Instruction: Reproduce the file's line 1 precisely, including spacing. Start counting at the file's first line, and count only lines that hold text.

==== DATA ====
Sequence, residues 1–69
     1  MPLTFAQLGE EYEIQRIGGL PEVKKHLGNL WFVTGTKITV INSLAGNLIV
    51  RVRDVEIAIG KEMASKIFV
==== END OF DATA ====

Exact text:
Sequence, residues 1–69